In the end, though, we don’t find this possibility particularly persuasive. If adding Black citizens to the electorate was going to result in a shift in policy, it would have to be the case that Black citizens wanted more punitive criminal justice policy than White citizens, and we just don’t see any evidence for that in public opinion polling from this period. In addition, in counties where Black citizens made up a majority of eligible voters, we actually see that the rise in Black incarceration was much smaller than in other places. The same is true of communities that were able to elect Black officials. So it’s unlikely that the “self-policing” argument explains our findings.
NL: You ultimately contend that the rise in Black incarceration was a reaction by the White-dominated Southern political order to the perceived threat of Black enfranchisement. How, exactly, did that work?
AF: One possibility is that White elites viewed Black voters as an electoral threat and therefore used incarceration as an explicit tool to recreate Jim Crow-era voter suppression. Another possibility is that the rise in incarceration was a function of a diffuse reaction among the White electorate and White elected officials who felt that their status was threatened by the end of Jim Crow. This diffuse reaction potentially suffused the criminal justice system at large, which is a bureaucracy that involves a lot of individuals exercising a significant amount of discretion. It may also have led White voters to support candidates with more punitive criminal justice policies.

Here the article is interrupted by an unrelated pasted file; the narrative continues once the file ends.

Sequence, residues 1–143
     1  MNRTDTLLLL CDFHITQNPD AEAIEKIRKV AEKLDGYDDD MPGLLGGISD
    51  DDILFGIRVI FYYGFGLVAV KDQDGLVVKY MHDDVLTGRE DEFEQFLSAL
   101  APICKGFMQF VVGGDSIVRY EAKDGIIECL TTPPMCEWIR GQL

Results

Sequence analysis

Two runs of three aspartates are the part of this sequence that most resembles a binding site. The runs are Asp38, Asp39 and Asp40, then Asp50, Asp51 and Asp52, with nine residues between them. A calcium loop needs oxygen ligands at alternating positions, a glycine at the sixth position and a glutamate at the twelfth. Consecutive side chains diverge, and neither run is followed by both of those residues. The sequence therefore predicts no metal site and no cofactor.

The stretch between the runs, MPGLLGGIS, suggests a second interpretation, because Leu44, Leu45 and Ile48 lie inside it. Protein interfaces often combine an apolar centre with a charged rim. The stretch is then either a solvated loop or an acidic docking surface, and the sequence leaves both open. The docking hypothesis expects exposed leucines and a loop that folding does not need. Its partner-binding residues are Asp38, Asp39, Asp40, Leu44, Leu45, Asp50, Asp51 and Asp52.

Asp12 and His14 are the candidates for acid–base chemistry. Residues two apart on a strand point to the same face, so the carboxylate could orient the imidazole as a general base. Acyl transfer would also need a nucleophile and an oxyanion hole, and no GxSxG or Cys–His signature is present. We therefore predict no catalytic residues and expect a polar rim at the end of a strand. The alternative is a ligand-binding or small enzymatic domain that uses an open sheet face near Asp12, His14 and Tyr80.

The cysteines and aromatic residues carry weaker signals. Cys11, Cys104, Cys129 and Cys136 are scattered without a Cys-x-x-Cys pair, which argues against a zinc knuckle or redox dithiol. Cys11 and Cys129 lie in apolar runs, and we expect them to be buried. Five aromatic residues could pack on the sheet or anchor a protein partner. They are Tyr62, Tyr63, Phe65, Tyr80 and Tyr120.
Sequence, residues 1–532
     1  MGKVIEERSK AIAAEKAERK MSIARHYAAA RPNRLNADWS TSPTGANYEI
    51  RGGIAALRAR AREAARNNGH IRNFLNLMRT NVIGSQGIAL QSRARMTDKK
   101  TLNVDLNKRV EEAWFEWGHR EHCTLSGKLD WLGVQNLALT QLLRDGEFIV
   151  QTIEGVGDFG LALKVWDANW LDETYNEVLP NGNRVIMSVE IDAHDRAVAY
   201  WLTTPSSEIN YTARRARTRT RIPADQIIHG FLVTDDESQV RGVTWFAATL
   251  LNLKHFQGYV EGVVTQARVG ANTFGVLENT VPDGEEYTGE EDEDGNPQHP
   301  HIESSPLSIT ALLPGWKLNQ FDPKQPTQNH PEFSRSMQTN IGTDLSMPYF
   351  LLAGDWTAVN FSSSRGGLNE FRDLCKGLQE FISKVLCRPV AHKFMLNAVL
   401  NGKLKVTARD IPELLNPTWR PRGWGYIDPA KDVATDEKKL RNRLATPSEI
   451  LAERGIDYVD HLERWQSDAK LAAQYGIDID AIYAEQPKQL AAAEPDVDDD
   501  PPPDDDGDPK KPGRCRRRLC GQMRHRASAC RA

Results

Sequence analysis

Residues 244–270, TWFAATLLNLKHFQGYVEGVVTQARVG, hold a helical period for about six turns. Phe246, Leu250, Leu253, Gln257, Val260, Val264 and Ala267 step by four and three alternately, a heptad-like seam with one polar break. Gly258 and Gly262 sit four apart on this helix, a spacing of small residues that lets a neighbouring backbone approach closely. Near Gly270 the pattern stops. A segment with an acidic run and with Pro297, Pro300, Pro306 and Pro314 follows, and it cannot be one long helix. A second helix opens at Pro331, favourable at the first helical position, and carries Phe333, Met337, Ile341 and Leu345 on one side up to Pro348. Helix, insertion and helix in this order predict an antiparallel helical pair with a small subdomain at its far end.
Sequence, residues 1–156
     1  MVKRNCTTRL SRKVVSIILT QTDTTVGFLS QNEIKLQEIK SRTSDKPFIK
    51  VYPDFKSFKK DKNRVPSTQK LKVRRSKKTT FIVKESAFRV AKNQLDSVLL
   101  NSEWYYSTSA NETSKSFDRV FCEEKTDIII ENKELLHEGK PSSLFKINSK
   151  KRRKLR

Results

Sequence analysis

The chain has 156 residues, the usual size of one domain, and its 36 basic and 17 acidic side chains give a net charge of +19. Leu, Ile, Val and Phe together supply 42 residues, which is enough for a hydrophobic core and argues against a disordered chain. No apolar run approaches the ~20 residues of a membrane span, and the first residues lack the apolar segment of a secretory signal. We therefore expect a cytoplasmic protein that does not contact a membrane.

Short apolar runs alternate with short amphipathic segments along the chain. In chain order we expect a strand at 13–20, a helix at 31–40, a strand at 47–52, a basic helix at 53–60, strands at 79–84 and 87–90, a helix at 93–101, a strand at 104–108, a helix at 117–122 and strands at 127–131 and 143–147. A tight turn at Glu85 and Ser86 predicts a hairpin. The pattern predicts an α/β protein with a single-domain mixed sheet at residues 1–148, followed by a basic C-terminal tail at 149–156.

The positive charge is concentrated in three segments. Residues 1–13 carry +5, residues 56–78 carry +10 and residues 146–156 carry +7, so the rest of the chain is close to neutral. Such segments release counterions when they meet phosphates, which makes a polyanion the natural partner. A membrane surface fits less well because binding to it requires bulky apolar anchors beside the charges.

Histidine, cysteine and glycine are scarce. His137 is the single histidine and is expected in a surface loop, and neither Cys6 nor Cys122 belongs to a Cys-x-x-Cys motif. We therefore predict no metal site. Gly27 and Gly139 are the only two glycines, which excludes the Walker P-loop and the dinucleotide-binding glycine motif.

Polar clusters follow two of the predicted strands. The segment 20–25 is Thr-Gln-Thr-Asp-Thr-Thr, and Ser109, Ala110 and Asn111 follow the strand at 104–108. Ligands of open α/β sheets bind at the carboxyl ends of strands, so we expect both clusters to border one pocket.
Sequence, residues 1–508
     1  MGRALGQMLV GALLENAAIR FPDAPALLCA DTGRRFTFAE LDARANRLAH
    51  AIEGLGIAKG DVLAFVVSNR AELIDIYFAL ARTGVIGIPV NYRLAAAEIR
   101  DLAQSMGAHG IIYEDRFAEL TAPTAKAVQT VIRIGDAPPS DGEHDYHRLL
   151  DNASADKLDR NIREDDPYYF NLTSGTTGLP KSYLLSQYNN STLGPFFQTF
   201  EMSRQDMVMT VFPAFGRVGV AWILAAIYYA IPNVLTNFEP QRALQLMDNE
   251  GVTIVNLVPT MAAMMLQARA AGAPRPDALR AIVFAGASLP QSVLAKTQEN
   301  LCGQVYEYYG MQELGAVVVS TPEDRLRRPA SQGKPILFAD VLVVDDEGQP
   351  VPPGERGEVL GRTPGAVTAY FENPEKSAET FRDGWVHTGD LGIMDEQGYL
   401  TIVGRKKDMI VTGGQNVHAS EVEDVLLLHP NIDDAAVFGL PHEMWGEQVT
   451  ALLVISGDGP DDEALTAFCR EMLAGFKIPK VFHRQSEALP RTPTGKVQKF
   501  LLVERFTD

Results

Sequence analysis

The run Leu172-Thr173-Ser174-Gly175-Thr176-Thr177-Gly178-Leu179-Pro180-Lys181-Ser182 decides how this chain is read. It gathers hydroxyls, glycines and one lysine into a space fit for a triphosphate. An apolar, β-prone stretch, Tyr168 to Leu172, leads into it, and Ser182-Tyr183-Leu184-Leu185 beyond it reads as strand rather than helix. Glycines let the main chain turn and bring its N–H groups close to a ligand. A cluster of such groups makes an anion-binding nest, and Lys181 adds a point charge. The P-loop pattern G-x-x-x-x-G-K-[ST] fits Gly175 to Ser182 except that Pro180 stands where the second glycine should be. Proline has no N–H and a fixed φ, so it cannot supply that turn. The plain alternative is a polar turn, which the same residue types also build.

We can’t tell which of the two mechanisms was at work here, but we think the diffuse mechanism is more likely. One reason we’re skeptical that incarceration was used as a tool of instrumental voter suppression is that the increase in prison admissions, while very significant from a human perspective, would not have offset the increase in effective enfranchisement among Black people in the South. So it would not have been particularly efficient to try to roll back enfranchisement through felony convictions.
NL: How should your study change how we think about the Voting Rights Act and about efforts to increase the franchise more broadly?
AF: Although we identify a perverse consequence of enfranchisement, we want to be very clear that we do not claim that this consequence abrogates the good that the Voting Rights Act did. Limiting the franchise by race is fundamentally undemocratic, and the act was important, meaningful, and good in marching the United States toward the promise of being a full and complete democratic polity. Our study does, however, identify an important limitation to what the franchise can accomplish, and the ways in which a threatened elite can use tools we might not immediately think of to react to the threat they feel.
NE: Our study is also a reminder that the battle for equal rights is never going to be fixed with any type of silver bullet. Every attempt to fix a problem will likely result in a need to address further responses and reactions.